No Looking Back, my experiences with autism – My Take by Wing Commander Prashant Singh
In My Take, Wing Commander Prashant Singh talks about his experiences parenting a child with autism.
It was a Sunday afternoon in the month of September. The weather was fantastic. I was on leave with my wife and family awaiting the arrival of my baby. On the fateful day, the doctor announced that the delivery would need to be induced. It did not ring a bell. No alarms. Only some caution. After all, the doctor was amongst the most renowned in town, with years of experience and a friend of my father. What could go wrong? Millions of children are delivered under much worse conditions, and here I was enjoying the facilities of a well-established medical facility. Despite the ‘some not so good news’ in the pre-delivery checkups, the overall report was positive. And so we were here, the D-day.
There was some complication during the delivery too, but again, nothing much to worry. As days passed, the family got into the routine of taking care of the newborn. Since the baby was a few hundreds of grams underweight at birth, additional care was taken to get things on track at the earliest. Routine checkups with the paediatrician returned normal reports. However, to me, certain issues were apparently not normal.
Like most people, I did not have exposure to handling newborns other than those of my near relatives and few colleagues. The first warning sign was the absence of a regular sleeping habit. My child did not sleep well. As common knowledge goes, a newborn child can sleep for up to 18-20 hours, waking up only for feeding and the routine hygiene rituals. But my child slept for four to six hours at the most, and that too, not at a stretch. The day he used to sleep for eight hours or more, was an occasion to celebrate.
After a few weeks, his eye movement had not steadied and the gaze used to be as if staring at an empty space and not faces or objects, without expressions. His activity levels were also comparatively less. So, within the first few months these were the worrisome signals foretelling something unusual.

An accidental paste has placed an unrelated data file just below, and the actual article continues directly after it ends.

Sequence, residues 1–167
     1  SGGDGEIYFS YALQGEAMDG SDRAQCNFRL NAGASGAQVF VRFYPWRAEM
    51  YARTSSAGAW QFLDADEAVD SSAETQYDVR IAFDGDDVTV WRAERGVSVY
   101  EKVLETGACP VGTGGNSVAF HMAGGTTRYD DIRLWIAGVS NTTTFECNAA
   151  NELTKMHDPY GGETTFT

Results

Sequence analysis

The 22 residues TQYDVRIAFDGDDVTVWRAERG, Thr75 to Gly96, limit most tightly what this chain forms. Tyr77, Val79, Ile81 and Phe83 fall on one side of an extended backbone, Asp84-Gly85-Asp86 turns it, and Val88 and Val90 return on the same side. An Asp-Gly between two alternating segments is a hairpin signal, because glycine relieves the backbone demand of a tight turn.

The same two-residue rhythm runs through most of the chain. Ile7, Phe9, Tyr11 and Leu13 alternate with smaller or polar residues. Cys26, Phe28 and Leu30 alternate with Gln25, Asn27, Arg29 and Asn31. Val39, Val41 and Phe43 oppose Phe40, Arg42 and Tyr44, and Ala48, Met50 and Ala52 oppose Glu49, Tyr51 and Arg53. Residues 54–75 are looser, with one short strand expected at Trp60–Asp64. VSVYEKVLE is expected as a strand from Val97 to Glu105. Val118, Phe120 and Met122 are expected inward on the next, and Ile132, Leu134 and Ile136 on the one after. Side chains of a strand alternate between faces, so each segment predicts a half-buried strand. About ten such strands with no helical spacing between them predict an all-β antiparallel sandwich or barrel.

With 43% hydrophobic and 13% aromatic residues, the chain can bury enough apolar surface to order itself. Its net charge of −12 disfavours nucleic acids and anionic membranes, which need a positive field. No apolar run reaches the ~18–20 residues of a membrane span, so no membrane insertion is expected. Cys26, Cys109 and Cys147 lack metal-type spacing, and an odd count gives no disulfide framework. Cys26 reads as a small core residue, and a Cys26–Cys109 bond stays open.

After about 10 months, things turned bit worrisome after the initial milestones of crawling, sitting and babbling were missed along with the continued lack of emotions and expressions like laughing or even crying. Response to social stimuli was absent. The difficulty in feeding solid food and developing a liking for food of one texture and flavour were also early indicators of some abnormality. The initial diagnosis was ‘global development delay’ and after 18 months, we became aware of the condition known as ‘Autism.’ But again, some more tests were advised on attainment of two years of age. It was then labelled as Pervasive Developmental Disorder – Not otherwise specified, with autistic features (PDD-NOS)
Awareness & Acceptance
Every person goes through life-changing events. Some are due to chance and some by choice. Though, in most cases it is more of the former than latter. Arrival of a new member in the family is a choice event. But the knowledge that there is a condition since birth which the child will have to live is certainly a life-changing event, and so it did for us too. Then the real ordeal began – that of finding suitable therapy, food, place, environment and resources, where this could be treated and most importantly, that of fitting my work life with the requirements at home. Since the early signs had given us premonitions of something serious, the final verdict was not too much of a shock. Now it was a question of carrying on with life, albeit quite different from the rest of the people around.